The myth of the unemployable arts student
It was only a few months ago that I shared a common fear amongst my fellow arts students: “could my degree lack future opportunities?”
Over the past four years of studying history, I have feared my post-graduation life and the uncertainty it brings to my career.
In my opinion, arts students have three viable options after graduation: they could continue their education in graduate school, attend teachers college or leave the university life to seek employment.
The last option worried me the most as I accepted the idea that arts students were not specialized enough to find a valuable career.
However, I recently discovered this notion is a complete myth, one that desperately needs to be busted.
Although a bachelor of arts degree is unlikely to land us a high-salary job the day after graduation, arts students have developed a set of versatile skills, which are transferable to many fields of employment.
Telling ourselves that we are under-qualified is the worst mistake we can make.
Rather than relying on what we know from history, English or other subjects, we need to acknowledge the skills we have enhanced throughout our university careers.
The key to our success in finding a post-academic job depends on our ability to reframe our experience from university in a way that prospective employers can understand and relate to.
Many of the characteristics we have developed throughout our arts degree are considered highly attractive for the job market.
For example, by the time we finish our degrees we have become masters of time management and meeting deadlines, both of which are demanded in career markets.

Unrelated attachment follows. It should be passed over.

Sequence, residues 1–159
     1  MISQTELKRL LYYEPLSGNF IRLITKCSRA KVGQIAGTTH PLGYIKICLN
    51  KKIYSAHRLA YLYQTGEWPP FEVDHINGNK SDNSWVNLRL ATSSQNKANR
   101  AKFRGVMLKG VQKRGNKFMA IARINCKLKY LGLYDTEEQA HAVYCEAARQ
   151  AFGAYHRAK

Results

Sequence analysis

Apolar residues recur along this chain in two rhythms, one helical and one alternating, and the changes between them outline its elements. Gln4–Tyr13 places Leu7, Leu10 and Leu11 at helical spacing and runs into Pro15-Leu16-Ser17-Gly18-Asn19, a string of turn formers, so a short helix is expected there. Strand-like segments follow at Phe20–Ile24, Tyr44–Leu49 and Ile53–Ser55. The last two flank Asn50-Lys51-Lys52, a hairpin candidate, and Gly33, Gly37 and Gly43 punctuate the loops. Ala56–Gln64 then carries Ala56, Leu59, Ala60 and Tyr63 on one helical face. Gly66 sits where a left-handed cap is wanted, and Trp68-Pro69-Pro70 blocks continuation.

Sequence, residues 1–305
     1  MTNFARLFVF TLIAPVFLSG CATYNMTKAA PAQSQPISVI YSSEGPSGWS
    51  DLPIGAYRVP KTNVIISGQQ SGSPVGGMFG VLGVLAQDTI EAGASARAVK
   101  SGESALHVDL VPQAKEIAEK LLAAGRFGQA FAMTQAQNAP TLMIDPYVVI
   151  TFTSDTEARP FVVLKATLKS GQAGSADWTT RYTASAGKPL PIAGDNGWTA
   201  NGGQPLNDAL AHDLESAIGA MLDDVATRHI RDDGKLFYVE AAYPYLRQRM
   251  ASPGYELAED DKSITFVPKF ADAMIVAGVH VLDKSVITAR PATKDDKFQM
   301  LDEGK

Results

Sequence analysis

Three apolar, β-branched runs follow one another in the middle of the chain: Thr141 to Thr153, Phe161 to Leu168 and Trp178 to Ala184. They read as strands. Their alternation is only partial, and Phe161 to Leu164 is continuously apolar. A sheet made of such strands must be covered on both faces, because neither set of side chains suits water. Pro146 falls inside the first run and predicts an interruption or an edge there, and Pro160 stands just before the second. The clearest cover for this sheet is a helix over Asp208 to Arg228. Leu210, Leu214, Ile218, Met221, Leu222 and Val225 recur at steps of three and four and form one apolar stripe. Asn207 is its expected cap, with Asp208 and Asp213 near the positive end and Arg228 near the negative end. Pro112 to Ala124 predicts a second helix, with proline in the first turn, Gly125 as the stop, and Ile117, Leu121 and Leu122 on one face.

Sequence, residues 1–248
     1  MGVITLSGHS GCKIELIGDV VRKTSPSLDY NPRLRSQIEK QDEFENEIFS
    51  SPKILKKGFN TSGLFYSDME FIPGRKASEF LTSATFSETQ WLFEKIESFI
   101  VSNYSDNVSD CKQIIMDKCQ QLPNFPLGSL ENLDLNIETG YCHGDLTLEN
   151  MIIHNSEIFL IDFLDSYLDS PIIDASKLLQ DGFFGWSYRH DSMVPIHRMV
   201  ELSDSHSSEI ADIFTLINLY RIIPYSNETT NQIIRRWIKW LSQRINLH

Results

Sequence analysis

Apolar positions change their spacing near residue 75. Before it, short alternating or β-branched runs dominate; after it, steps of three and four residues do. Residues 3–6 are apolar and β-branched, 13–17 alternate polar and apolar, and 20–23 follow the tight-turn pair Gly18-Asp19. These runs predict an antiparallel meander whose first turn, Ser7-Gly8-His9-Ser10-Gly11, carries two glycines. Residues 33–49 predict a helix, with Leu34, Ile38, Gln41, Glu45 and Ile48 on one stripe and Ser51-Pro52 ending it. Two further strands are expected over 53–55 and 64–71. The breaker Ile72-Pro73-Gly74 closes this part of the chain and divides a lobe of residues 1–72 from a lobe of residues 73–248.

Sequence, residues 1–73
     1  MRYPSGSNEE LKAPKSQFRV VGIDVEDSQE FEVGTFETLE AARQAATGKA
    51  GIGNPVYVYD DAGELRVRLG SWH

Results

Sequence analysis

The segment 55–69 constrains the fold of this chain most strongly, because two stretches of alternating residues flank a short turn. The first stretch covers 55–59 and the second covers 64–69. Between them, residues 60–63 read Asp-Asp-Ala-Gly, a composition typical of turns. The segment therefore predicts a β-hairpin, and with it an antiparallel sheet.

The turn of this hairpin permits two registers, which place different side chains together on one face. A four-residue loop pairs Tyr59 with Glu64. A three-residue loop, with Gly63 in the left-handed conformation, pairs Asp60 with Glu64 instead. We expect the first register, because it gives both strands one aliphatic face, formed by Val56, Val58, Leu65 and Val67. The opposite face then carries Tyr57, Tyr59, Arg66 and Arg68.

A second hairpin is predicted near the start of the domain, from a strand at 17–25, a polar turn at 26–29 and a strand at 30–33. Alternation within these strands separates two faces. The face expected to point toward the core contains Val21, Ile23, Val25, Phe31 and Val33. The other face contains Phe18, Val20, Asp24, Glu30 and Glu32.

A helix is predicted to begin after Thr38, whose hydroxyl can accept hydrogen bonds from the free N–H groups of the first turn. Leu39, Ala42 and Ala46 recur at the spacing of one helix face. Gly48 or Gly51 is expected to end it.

Another attractive characteristic amongst arts students is our passion for our subject of choice.
When arts students decide on a major they usually do not pick a subject based on expected salary after graduation.
Instead, we devote our careers to a topic we are passionate about. Many of us would sacrifice a higher financial situation to learn about something we love.
Another skill that separates us from students outside arts is our ability to read, analyze, discuss and write about huge quantities of information.
I know that I am not alone when I say that in my final year I am required to undertake at least 500 pages of readings each week.
This skill takes years to develop and is directly transferable to many careers, especially in the information economy.
Recently, a professor I am studying under completely shattered the myth that arts students are incapable of obtaining a specialized career.
Although she was referring to history students in particular, I feel her arguments can be adapted to any arts student.
This professor explained to the class how history students have essentially learned to learn.
By this, she meant that when we are given an opportunity, our employers can provide us with written materials regarding our position.
We will be able to read and understand the content, then efficiently utilize what we have learned and put it into practice in the real world.
Having this skill makes arts students extremely versatile and a good fit for many careers.
So if you are an arts student who is worrying about prospective careers after graduation, take a sigh of relief knowing there is hope for you and your degree.
Although we may not have a career lined up and waiting for us, when we do get our foot in the door we will thrive in that career with the skills and characteristics we have developed over the course of earning a bachelor of arts degree.